The VN emerges from the medulla of the brainstem and reaches the coeliac and mesenteric plexi in the abdomen passing through the jugular foramen (Verlinden et al., 2016) of the skull, between the internal carotid artery and the jugular vein in the neck and between the cardiac and pulmonary plexi in the thorax. The VN-NDT was developed starting from its morphology, selecting a combination of physiological movements that induce a higher mechanical tension on the nerve (Figure 1A). The subjects were assessed supine on an examination table, and evaluators were standing at the cranial short side of the table.

FIGURE 1
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Figure 1. Sequence of the vagus nerve neurodynamic test (VN-NDT) with (1) starting position with upper cervical spine in flexion. (2) Contralateral lateral flexion. (3) Ipsilateral neck rotation. (4) The end position of the test with gentle movements of the upper abdomen caudally and cranially as discrimination maneuverers.

Upper cervical flexion and contralateral lateral flexion were selected for loading the intracranial part (Verlinden et al., 2016). Ipsilateral neck rotation was added to load the cervical tract.

Considering that the VN has afferent endings that are mechanosensitive (Zeng et al., 2018; Besecker et al., 2020), discrimination between VN and other tissues was performed while holding the head of the subject in the final pose, gently pushing the upper abdomen caudally and cranially to load and unload the thoracic tract. The test was positive (indicating abnormal responses) if discrimination maneuvers changed the symptoms of the subject indicating a neurogenic source; otherwise, it was declared negative (Schmid et al., 2009). To standardize the test, all participants were placed in the supine position without a pillow in a room at 25°C for 30 min as described by Fujii et al. (2004).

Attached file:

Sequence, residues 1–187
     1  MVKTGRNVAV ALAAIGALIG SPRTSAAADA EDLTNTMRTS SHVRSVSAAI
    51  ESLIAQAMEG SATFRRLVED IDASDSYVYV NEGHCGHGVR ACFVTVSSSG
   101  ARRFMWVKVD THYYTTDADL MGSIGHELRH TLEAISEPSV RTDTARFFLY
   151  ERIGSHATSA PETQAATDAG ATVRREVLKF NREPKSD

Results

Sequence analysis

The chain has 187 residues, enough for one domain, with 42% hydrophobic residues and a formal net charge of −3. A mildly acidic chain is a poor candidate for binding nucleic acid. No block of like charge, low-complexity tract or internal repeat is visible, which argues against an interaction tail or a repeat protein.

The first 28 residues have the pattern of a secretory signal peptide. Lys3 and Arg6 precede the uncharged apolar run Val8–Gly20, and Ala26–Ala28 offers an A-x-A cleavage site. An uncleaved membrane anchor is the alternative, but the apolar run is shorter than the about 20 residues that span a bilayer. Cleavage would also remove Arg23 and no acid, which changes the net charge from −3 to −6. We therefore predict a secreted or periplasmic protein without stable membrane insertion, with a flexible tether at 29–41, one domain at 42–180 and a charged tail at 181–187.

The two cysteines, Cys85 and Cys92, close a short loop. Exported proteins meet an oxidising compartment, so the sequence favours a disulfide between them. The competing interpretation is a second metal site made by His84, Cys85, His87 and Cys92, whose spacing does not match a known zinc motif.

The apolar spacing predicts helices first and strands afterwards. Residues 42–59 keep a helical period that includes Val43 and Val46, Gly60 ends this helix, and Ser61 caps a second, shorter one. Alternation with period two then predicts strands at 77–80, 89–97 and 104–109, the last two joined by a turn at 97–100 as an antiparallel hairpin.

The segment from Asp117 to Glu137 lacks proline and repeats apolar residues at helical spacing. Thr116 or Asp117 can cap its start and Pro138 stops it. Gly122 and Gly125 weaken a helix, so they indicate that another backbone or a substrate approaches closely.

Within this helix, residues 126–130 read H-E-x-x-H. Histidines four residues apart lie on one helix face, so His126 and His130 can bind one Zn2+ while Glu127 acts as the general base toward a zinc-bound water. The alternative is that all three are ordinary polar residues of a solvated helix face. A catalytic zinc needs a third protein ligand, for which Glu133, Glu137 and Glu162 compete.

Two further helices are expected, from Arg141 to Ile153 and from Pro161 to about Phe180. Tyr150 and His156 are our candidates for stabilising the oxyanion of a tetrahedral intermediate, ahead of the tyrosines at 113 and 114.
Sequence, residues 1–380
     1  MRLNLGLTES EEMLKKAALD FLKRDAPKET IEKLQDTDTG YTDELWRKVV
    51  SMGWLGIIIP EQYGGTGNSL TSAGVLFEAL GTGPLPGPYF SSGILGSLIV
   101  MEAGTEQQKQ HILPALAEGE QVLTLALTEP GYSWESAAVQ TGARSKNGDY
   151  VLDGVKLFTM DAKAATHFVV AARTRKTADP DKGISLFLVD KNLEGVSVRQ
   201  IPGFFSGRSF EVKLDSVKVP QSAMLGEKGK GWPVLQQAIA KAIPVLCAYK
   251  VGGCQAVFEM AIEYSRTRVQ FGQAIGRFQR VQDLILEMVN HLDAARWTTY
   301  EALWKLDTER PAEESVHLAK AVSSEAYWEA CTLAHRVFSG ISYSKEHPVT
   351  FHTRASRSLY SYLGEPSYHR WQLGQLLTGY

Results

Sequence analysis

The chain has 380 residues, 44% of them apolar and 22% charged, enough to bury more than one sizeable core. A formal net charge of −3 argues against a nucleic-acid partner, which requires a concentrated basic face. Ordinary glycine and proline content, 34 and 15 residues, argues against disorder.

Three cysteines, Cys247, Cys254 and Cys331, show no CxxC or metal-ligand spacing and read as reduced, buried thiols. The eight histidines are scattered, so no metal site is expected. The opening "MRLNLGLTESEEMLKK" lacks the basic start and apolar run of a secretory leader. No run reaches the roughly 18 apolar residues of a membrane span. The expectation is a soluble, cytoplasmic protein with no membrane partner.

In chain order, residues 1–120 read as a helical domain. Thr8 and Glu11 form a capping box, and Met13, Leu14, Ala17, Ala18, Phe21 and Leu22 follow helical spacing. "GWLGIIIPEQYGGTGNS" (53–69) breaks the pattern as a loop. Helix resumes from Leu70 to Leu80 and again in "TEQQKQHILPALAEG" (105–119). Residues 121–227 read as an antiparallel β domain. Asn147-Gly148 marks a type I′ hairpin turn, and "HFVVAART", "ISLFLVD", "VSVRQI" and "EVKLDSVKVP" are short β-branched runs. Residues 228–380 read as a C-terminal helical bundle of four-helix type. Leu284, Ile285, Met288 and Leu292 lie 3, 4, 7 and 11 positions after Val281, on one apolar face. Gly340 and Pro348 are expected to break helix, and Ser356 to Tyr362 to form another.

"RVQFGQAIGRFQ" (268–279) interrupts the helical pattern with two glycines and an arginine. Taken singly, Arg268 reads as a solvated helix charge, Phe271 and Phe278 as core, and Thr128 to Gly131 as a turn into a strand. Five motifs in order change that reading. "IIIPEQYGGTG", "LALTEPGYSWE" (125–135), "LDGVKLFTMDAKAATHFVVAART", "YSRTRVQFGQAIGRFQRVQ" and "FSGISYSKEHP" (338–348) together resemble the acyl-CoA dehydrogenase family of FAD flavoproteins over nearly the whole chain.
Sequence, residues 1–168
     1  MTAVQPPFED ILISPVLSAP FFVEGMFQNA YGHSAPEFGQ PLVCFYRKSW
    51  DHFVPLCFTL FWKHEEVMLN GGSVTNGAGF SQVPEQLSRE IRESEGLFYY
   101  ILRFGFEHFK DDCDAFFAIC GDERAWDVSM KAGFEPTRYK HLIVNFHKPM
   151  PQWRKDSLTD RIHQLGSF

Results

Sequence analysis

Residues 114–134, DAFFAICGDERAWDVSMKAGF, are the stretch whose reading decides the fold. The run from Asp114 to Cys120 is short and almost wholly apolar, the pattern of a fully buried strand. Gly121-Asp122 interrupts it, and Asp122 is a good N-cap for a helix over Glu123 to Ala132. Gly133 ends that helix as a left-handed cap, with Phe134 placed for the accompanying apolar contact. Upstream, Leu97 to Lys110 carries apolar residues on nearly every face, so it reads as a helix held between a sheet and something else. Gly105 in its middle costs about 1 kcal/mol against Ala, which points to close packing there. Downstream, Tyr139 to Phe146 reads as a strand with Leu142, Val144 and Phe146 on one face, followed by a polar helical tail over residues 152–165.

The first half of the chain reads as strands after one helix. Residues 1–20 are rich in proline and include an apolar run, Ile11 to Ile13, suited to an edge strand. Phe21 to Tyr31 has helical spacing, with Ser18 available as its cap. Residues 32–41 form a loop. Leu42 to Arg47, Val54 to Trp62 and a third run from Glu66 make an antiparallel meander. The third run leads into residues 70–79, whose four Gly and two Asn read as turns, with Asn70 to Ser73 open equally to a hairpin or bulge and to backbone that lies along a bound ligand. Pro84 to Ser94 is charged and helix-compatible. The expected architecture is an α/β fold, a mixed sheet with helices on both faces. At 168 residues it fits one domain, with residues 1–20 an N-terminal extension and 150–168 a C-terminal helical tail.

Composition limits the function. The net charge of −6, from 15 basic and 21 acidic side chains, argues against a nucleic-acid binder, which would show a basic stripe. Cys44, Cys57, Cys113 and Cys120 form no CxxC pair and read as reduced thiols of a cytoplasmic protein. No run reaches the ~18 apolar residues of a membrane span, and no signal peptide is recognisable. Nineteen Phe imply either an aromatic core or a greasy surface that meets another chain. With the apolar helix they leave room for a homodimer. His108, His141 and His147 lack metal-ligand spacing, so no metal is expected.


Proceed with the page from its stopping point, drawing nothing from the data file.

Short-Term Autonomic Response

Short-term autonomic response was assessed as described by Devalle and coworkers, which is a reliable outcome for the autonomic response to pain even in subjects with disturbances of consciousness, comparing the HR values (fingertip portable pulse oximeter Intermed SAT-200) at rest (10 s after the ULNDT administration) and after a 10-s window holding the end position of the VN-NDT (Devalle et al., 2018). Moreover, we verified that no chances in HR were induced by abdominal compression alone. To avoid any placebo/nocebo response, HR was blinded to the assessors and participants.

Ultrasound Imaging and Motion Capture Analysis Protocols

Protocols defined by Martinoli and coworkers for the detection of the anterior tubercle of C6 (Martinoli et al., 2002) and the cervical tract of the VN (Giovagnorio and Martinoli, 2001) were adopted. Participants were assessed in a supine position on a medical table and real-time USI was performed by the medical doctor standing near to the right long edge of the table, while the assessor performing the neurodynamic test was standing near to the short edge of the table where the head of the participant was (Figure 1 and Supplementary Figure 1). Axial scans were obtained using the inferior margin of the thyroid as an initial reference from which the probe was moved laterally to the region of the transverse processes. The probe was moved cranially till the anterior tubercle of C6 was detected. Distance between the VN and C6 anterior tubercle (VN–C6) was measured at rest and at the final position of the VN-NDT to quantify the lateralization or proximalization of the VN induced by the test, suggesting an increased or decreased tension on the wire-like structure of the VN. Esaote® MyLab Alpha (Esaote S.p.A, Genoa, Italy) USI equipment was used with a 5–7-MHz convex array probe (Figure 1B). All subjects were screened for thyroid problems at the end of the assessment.